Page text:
We Still Watch 100 Hours Of TV A Month

We Still Watch 100 Hours Of TV A Month
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While we have more screens in our homes than ever before, old-fashioned TV still dominates Australian viewing patterns. However, those habits are slowly changing.

Picture by Jon Ross

Earlier this week, TV ratings provider OzTAM released the Australian Multi-Screen Report, which examines viewing patterns amongst Australian households. Given that OzTAM’s bread-and-butter business is telling TV networks who is watching their shows, it’s not altogether surprising that the report finds that television is still the dominant medium, accounting for 96 per cent of all video viewing (whether live TV, recorded TV or online streams).

Lifehacker readers tend to be ahead of the curve when it comes to adopting new approaches, so I suspect that many of the figures OzTAM provides will sound somewhat on the low side. The insights are interesting nonetheless.

First and foremost, while ratings for individual shows have dropped as we get more choices, we still watch a lot of live television: 97 hours and 15 minutes each month. That figure is actually up by more than an hour on a year ago. My inner cynic can’t help but wonder if most of that is made up of TV networks running their shows way over schedule. Another explanation might be near-universal adoption of digital TV: 96 per cent of households have digital TV, and 74 per cent have access to digital on every TV in their home.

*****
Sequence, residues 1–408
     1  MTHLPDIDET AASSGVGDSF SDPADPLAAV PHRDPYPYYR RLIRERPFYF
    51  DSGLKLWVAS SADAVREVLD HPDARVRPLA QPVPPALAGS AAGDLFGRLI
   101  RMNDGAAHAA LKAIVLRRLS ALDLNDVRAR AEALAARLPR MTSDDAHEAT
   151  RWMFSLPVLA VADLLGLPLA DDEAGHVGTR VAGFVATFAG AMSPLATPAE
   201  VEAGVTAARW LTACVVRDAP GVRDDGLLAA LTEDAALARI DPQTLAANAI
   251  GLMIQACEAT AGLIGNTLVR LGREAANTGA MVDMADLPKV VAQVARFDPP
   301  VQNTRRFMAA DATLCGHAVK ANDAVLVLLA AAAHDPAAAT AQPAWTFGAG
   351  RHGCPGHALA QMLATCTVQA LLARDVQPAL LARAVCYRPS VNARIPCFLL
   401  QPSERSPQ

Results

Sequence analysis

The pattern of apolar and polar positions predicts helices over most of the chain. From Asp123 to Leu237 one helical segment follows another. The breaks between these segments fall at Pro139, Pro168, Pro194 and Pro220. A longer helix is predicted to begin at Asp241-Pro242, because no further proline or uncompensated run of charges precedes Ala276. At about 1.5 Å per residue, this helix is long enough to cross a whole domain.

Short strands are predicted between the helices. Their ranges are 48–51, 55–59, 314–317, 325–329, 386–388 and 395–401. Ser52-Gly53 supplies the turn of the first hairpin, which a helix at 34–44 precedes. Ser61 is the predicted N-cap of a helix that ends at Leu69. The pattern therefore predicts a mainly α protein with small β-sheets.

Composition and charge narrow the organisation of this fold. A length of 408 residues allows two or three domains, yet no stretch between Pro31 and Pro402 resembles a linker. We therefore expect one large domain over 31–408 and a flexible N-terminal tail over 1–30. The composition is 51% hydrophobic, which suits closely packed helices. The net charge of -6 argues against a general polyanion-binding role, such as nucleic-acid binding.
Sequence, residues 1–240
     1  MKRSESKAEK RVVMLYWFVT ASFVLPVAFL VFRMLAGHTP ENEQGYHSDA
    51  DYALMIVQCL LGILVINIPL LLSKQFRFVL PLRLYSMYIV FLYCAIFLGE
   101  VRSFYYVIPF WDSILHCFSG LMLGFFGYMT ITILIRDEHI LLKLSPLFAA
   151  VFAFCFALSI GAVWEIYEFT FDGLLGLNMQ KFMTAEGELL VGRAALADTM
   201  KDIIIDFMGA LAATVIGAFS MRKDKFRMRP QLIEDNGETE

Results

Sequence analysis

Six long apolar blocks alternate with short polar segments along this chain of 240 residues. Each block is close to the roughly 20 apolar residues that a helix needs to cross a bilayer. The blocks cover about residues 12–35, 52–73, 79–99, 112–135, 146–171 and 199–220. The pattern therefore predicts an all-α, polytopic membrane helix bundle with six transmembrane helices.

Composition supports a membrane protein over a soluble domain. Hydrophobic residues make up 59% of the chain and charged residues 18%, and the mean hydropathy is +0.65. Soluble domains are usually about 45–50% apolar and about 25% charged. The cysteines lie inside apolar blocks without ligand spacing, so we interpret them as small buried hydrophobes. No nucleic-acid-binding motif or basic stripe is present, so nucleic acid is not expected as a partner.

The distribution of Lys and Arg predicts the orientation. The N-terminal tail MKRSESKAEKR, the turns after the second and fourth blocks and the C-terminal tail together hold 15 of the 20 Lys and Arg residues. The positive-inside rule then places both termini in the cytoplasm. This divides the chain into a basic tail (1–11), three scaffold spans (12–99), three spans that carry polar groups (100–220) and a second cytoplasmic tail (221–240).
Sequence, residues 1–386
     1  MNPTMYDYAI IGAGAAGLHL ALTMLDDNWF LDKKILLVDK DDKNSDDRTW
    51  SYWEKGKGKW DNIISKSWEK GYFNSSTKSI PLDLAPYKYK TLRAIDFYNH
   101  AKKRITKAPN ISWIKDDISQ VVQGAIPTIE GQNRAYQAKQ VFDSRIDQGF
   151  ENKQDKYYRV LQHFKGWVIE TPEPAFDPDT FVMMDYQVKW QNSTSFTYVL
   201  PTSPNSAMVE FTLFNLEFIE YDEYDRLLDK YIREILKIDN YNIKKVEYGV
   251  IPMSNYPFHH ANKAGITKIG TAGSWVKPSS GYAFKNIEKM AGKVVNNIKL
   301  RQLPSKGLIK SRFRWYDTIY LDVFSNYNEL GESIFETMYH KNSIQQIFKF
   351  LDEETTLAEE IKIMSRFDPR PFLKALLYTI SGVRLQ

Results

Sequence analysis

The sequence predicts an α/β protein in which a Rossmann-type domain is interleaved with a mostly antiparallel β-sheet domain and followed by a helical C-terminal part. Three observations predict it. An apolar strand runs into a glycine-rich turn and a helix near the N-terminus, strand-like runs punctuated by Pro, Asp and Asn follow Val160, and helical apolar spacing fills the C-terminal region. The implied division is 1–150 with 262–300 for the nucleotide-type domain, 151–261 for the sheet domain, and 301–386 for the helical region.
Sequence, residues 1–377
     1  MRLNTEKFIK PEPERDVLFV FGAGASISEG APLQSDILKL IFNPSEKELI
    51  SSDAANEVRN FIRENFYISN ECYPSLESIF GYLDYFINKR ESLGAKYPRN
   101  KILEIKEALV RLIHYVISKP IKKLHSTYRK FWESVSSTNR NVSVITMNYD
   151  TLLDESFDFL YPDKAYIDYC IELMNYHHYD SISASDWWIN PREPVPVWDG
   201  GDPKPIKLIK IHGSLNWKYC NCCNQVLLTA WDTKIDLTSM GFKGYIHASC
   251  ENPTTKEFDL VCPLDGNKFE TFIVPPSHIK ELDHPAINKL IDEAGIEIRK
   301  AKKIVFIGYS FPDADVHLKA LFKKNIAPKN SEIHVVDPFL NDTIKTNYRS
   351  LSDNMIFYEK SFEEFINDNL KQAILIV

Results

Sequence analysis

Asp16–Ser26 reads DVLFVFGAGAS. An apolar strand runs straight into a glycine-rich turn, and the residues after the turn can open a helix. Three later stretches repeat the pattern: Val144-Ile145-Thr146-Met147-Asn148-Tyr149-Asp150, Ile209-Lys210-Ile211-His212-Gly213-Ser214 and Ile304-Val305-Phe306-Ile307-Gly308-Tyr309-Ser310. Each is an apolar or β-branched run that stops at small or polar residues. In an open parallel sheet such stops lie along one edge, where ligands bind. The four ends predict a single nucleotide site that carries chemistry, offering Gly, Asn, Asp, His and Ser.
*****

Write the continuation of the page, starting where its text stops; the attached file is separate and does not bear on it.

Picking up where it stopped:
Just under half (47 per cent) of households have some form of personal video recorder (PVR), and we typically watch 6 hours and 33 minutes of recorded shows a month. Experience suggests that drama and comedy comprise a large portion of this, while the highest rating shows tend to be those which need to be seen on the night for maximum impact (news, sport and reality TV). But collectively, we’re still cracking 100 hours on the main screen each month.

What about other devices? By OzTAM’s calculations, 15 per cent of households have at least one tablet. However, their main use isn’t for watching video, which apparently only 5 per cent of us do. As David Knox at TV Tonight points out, one thing that the study didn’t examine was multi-tasking. If I’m in front of the television, chances are I’ll be using a tablet or phone to tweet or look up details for what’s happening on screen.

Viewing of online video is growing, but also still fairly small. In a typical month, we apparently watch 3 hours and 15 minutes of online video via our computers. On our phones, the figure is a bit lower: 1 hour and 20 minutes.

How have your viewing habits changed in recent years? Tell us in the comments.

OzTAM [PDF via TV Tonight]